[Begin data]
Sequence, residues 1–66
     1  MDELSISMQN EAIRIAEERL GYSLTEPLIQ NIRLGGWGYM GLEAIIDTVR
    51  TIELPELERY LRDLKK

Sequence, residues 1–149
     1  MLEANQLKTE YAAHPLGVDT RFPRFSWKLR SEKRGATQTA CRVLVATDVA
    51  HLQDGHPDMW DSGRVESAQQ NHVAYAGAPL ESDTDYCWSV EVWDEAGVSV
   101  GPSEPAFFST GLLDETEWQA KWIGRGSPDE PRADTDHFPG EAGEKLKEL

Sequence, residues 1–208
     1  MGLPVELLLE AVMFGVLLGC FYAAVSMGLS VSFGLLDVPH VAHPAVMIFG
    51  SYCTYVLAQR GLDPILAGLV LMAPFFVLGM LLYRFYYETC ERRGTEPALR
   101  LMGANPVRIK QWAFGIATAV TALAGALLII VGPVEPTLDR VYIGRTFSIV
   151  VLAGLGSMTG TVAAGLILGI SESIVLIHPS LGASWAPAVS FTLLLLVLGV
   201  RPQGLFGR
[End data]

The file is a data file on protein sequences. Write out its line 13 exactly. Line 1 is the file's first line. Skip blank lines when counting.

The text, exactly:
   201  RPQGLFGR